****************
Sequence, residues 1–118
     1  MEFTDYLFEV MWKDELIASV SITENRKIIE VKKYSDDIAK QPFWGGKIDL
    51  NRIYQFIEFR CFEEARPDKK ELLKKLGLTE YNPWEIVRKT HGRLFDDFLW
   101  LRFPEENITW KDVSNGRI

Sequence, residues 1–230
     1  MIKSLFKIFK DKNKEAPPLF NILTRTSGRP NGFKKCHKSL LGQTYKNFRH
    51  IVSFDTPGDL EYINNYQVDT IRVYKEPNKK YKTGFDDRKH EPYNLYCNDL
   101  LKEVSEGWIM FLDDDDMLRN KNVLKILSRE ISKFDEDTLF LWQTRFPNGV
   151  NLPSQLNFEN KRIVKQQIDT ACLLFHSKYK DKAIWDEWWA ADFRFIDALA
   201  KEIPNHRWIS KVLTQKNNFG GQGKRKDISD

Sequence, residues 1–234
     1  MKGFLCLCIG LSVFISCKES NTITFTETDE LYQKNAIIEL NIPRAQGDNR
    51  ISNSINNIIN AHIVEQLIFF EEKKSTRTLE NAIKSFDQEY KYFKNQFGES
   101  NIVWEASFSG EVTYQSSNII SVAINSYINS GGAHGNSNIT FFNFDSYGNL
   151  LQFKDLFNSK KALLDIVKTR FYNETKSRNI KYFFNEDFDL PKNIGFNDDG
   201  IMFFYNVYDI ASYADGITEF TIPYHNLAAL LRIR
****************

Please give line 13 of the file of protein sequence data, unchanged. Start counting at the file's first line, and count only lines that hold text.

    51  ISNSINNIIN AHIVEQLIFF EEKKSTRTLE NAIKSFDQEY KYFKNQFGES